• Kidney disease and dialysis
  • Tumor
  • Obesity
  • Extreme stress
  • Hyperthyroidism
  • Liver disease

Depending on the level of physical or social discomfort that accompanies the condition, with the help of a qualified plastic surgeon, the problem can be fixed. Excess skin, fat, and glandular tissue can be removed with a breast reduction, also called reduction mammaplasty.

In many cases this surgery involves a small incision at the border of the areola to remove the offending glandular tissue with any excess fat addressed as needed with liposuction. When the condition is more advanced, it can be corrected with a chest lift, or mastopexy, similar to a breast lift in women.

The severity of the condition, the elasticity of the skin, and the amount of sagging all help to determine the type of mastopexy needed to restore a firmer and more masculine appearance to the chest. The location and extent of the incision depend on the amount of tissue removed and include the following types of mastopexy:

Periareolar or doughnut mastopexy

An incision is made around the areola. Excess skin, fat and glandular tissue are removed. With this technique the areola can be made smaller.

Circumvertical mastopexy

A keyhole incision is made around the areola and down to the crease of the breast in order to remove more excess skin, fat and glandular tissue. The areola can be reduced in size as well.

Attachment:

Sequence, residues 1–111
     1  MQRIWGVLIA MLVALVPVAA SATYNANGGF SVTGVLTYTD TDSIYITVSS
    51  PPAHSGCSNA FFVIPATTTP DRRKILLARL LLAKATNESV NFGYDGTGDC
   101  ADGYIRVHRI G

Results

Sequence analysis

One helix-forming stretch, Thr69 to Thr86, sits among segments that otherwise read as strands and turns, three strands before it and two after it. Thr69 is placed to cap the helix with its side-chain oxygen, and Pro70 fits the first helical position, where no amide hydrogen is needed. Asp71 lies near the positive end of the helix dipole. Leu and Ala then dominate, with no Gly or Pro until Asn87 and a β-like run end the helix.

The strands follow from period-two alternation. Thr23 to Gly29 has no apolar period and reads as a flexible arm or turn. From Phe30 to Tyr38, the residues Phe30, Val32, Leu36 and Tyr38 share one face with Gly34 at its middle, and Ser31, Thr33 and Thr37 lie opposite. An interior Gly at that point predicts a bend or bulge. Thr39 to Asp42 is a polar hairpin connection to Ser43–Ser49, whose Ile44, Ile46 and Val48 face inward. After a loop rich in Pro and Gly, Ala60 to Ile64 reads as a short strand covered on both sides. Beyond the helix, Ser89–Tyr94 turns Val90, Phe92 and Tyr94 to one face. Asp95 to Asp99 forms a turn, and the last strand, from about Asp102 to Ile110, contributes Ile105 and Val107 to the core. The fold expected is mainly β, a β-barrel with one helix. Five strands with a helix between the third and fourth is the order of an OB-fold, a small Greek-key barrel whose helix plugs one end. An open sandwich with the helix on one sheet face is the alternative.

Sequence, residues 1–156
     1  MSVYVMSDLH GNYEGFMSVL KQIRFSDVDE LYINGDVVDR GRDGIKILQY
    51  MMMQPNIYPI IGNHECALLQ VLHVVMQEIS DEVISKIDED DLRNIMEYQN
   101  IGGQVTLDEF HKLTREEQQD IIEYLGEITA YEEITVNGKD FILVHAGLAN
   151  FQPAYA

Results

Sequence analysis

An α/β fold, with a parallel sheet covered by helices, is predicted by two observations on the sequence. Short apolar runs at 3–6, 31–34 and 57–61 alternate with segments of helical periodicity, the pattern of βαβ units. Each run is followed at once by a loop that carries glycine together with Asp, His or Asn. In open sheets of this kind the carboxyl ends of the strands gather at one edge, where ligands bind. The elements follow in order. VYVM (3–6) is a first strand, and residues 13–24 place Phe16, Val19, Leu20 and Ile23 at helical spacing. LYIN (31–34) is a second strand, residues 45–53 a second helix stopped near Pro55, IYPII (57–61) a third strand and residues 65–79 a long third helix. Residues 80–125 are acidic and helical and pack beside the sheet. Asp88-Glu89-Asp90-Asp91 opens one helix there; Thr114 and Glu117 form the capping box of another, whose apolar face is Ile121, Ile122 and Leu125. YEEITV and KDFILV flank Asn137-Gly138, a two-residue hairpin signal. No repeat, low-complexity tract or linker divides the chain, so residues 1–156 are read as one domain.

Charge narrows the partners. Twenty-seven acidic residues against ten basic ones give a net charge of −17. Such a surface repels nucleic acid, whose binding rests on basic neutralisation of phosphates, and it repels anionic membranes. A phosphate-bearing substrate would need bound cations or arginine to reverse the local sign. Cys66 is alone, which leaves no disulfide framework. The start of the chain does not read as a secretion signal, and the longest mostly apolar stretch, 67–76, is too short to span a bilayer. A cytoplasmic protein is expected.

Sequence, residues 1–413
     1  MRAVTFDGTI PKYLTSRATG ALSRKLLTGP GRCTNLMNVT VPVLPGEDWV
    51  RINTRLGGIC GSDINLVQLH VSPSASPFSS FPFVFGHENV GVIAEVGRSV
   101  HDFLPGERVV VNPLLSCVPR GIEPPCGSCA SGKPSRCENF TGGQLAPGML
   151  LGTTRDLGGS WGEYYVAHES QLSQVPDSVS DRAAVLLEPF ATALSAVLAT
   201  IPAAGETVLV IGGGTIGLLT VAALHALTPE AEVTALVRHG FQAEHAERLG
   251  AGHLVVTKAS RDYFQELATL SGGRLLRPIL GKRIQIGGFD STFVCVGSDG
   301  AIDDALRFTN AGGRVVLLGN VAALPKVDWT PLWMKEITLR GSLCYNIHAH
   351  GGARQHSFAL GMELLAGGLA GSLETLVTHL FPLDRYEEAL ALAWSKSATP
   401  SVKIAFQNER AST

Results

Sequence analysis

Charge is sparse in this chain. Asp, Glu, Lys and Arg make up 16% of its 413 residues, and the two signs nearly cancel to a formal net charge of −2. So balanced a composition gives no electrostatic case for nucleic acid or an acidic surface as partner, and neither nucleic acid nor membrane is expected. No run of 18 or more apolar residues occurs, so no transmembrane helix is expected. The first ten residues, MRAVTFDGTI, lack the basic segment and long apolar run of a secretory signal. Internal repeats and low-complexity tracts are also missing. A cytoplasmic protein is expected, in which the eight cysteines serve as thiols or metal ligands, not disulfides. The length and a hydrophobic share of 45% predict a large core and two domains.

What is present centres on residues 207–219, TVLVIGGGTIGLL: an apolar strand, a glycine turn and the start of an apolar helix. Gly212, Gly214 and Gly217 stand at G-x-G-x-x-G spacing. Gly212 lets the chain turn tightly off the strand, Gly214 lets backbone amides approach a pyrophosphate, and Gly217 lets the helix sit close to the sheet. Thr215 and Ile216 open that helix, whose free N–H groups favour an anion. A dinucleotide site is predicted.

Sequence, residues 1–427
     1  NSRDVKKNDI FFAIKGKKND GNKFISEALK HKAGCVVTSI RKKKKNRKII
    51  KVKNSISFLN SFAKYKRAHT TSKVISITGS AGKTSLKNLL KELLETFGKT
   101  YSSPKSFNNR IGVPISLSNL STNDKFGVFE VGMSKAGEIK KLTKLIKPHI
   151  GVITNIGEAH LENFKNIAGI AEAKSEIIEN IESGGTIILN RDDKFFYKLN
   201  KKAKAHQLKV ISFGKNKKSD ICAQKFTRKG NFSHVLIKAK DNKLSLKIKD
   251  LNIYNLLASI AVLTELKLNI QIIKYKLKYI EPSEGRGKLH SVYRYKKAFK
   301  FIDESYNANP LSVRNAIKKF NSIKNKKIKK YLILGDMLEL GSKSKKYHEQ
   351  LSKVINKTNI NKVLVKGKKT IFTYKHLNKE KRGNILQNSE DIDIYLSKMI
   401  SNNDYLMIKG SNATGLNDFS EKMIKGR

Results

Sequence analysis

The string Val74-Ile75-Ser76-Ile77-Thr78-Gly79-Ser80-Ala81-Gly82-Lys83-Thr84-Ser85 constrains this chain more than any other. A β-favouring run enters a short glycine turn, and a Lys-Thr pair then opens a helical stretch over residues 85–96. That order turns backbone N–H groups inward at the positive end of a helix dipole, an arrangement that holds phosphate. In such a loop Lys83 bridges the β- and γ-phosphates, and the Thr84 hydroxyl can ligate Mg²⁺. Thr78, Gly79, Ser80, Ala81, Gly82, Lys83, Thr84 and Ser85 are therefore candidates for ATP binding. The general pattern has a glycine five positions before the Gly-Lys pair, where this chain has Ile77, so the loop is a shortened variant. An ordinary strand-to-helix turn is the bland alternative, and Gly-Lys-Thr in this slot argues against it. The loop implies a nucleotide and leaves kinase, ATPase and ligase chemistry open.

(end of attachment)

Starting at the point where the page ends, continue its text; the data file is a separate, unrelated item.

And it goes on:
Extended circumvertical mastopexy

An inverted “T” incision pattern allows the removal of more skin, fat, and glandular tissue and relocation of the areola. In some cases, the vertical scar below the areola is extended out toward the armpit.

To learn how plastic surgeons like Dr. Slack minimize the appearance of scars see our post: Best Practices for Minimizing Scars. You can also look through this male breast reduction before and after photo gallery to see how discrete the scarring can be.

In addition to years of experience, Dr. Slack has completed a fellowship and extensive training in cosmetic and reconstructive surgery of the breast. He says the best candidate for the surgery:

If you are a man suffering from a sagging chest or gynecomastia and want to know if you are a candidate for surgery, contact us today and schedule your consultation.